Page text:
Snert

Snert is the dutch word for pea soup. It’s a wholesome meal that’s very tasty. I make lots of it every winter and wanted to share my family recipe. This might be a bit different from other recipes, but it’s the way I’ve made it for many years. Make sure you’ve got a large pan, as this recipe is enough for 10 to 12 liters!

ingredients:

  • 4 L water
  • 750 Gr split peas
  • 10 stock cubes
  • 4 onions
  • 4 carrots
  • 4 big potatoes
  • 1 celeriac
  • ½ a head of celery
  • 750 Gr pork meat (with or without the bone, just what you prefer)
  • 2 rookworsten
  • 250 Gr bacon, in cubes
  • few bay leaves

Directions:

Bring the water to the boil. Put in the 10 stock cubes and the split peas. Boil it over a low heat for 2 hours.
Chop the vegetables and the meat into cubes. Pour in the vegetables and the bay leaves. Let it boil for another hour. Stir every now and then.
Put the meat (except the rookworst) in and let i boil for another hour. Put in the rookworst and let it boil for 10 minutes.
That’s it, your snert is done.

 

Wood burning stoves and Asthma

Some of my neighbours have a wood burner in their home, some have a multifuel stove. It looks so cosy, so lovely and warm. It really does. And I do understand the people who want one for their home. I really do! But I don’t like them. At all!

Why? I hear you ask. Well, this is why. From the time I was 9 months old I’ve been suffering with Asthma. My childhood revolved around inhalers, asthma attacks, antibiotics, not being able to do what my classmates were doing, not competing in sports and being ill. In the village where we lived until I was 6 we had a neighbour who had a multifuel burner. Which was perfect for him as he burned everything in it. Dirty nappies, painted wood, you name it. And every time he put that bloody thing on I got another asthma attack.

When we moved house we luckily had nobody in the area with either a wood burner or a multifuel burner, but my asthma didn’t go away.

These days wood burners are very popular. A few of my neighbours have one. And now that winter is upon us they light the stove. But what they don’t know is that every time they do that, they make me ill. If you think I’m overreacting, I would suggest you read this article.

Not Just Your Household’s Health at Risk

If you don’t have a fireplace or wood-burning stove at home, don’t feel at ease just yet. You’re heath still may be at risk … from your neighbor’s fireplaces and wood-burning stoves.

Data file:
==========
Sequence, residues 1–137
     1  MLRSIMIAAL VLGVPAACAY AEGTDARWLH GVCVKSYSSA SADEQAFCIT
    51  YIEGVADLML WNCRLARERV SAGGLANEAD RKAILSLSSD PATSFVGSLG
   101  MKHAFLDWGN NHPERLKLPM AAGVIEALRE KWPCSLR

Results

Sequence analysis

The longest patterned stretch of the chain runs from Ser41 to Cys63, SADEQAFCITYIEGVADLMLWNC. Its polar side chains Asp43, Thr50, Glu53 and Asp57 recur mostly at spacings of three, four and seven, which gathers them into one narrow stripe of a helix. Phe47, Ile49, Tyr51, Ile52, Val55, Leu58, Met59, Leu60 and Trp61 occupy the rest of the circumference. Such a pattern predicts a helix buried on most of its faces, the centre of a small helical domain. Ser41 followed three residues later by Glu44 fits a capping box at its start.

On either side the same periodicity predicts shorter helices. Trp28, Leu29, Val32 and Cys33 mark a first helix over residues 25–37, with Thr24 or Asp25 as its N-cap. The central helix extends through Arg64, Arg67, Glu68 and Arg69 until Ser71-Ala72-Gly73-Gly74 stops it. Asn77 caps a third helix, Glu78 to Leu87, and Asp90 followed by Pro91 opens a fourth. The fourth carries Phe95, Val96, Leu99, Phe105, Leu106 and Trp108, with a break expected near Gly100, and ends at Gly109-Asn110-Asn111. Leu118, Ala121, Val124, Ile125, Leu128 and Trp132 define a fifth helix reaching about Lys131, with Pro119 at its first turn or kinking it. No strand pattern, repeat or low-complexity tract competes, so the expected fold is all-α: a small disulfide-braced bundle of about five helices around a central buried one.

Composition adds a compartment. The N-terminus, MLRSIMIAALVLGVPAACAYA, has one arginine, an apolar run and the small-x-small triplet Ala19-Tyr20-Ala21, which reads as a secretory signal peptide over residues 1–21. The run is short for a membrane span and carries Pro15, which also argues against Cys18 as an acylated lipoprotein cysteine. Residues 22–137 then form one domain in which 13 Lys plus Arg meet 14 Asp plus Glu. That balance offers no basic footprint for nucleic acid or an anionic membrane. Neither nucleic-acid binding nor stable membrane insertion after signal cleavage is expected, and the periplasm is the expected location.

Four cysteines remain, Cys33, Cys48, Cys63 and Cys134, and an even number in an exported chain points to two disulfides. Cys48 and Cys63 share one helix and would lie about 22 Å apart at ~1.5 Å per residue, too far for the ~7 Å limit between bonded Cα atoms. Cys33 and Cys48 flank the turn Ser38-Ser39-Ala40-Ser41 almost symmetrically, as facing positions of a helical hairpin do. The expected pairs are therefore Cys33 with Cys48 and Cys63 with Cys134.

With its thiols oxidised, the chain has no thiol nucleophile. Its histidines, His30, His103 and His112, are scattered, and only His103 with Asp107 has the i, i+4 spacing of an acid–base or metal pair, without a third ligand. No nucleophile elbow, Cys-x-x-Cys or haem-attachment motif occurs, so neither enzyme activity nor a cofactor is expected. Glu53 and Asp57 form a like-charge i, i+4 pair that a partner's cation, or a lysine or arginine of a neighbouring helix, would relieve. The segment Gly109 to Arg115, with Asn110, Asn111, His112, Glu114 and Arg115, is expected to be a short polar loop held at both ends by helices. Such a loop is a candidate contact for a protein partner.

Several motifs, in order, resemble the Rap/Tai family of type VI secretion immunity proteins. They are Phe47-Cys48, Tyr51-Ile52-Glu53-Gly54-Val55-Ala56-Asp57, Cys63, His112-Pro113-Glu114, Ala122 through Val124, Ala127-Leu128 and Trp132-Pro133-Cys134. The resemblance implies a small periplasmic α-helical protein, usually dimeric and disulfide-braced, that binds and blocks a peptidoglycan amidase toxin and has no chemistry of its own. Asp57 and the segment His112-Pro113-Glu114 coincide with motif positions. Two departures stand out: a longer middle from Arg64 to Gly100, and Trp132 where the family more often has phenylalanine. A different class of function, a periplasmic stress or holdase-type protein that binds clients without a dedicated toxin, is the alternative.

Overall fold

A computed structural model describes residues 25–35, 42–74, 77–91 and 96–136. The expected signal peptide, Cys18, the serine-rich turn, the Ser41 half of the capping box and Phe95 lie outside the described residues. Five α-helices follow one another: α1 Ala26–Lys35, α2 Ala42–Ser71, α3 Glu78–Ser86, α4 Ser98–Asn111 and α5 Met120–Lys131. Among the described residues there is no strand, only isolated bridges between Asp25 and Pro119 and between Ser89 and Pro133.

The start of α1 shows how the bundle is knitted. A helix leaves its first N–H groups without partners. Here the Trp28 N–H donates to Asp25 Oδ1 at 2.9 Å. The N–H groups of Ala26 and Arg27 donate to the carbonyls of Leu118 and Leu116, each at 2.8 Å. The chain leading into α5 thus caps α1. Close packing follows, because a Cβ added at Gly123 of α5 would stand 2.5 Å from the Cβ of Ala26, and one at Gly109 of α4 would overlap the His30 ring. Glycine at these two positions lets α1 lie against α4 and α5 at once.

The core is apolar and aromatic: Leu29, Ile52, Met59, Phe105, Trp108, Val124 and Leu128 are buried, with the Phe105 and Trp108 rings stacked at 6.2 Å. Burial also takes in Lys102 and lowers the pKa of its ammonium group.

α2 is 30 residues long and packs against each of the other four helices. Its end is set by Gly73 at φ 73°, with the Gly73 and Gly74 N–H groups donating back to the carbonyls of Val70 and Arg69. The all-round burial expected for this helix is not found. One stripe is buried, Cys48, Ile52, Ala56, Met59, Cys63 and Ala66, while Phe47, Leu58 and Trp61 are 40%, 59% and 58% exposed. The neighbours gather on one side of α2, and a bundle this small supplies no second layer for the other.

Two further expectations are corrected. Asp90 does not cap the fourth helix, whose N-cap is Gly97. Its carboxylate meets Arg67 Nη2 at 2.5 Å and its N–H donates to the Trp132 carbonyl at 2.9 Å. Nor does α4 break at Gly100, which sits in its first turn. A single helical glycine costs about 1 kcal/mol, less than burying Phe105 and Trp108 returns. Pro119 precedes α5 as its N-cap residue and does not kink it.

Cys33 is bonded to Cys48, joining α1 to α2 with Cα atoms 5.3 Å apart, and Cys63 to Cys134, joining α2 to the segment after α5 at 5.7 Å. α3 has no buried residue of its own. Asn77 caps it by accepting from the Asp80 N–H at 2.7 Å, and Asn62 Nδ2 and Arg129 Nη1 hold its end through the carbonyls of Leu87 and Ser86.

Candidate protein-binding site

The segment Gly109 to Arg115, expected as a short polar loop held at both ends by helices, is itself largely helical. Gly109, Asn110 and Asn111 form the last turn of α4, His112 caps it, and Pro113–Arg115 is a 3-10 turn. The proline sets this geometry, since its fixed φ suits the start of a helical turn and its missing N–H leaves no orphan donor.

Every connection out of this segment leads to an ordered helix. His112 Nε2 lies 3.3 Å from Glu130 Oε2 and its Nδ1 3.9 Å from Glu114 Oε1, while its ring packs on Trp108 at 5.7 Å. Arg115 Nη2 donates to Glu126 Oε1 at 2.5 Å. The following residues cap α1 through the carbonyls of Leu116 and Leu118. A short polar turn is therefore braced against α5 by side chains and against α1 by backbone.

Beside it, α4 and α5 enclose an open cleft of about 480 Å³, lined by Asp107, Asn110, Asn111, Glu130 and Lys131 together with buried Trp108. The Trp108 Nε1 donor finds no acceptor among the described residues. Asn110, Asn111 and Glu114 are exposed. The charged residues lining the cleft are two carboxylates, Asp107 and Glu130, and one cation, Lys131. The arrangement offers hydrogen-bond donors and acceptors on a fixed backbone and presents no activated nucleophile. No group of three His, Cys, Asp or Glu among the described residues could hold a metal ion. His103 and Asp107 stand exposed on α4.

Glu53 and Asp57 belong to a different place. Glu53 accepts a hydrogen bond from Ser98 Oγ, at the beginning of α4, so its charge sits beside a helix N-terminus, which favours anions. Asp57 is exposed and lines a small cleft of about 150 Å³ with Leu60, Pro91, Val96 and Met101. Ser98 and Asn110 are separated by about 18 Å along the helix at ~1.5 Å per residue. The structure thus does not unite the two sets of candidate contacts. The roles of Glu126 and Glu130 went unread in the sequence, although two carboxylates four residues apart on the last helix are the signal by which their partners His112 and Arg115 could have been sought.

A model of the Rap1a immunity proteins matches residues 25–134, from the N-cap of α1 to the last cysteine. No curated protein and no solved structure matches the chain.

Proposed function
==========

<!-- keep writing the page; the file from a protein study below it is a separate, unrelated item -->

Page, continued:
Because wood smoke contains such tiny particles, the smoke is not stopped by closed doors and windows, and seeps into nearby neighbors’ houses. In fact, during winter months, wood smoke does not rise and often hangs close to the ground, entering yards, houses, schools, and hospitals. Subsequently, areas with valley locations and poor air circulation are affected most.

A recent University of Washington study in Seattle and an EPA study in Boise, Idaho neighborhoods found that indoor PM10 levels (particulate matter – one of six major air pollutants for which there is a national air quality standard) from wood smoke in homes without wood stoves reach an astonishing 50% to 70% of outdoor levels when burning wood. Neighbors to wood fires may unwillingly be breathing smoky air, even if they are not wood burners.

I’ve been sick at home for more than a week now. My neighbours lit their wood burner for the first time this season about two weeks ago. Coincidence?? I think not.

Make your own bird feeder

I recently came across this DIY bird feeder and thought it was an excellent idea.

So I made one myself. But instead of putting the bottle with the right side up and make a hole in the bottom for the water to drain, I thought it would be much better to get a sports drink bottle and place it upside down. I left the top (now the bottom) open. Water drains out without any problems and you don’t have to make drainage holes.

Skating tour

My dad in law and I did a skating tour of 20 km yesterday. Here are some pictures I took whilst skating, well most of them anyway.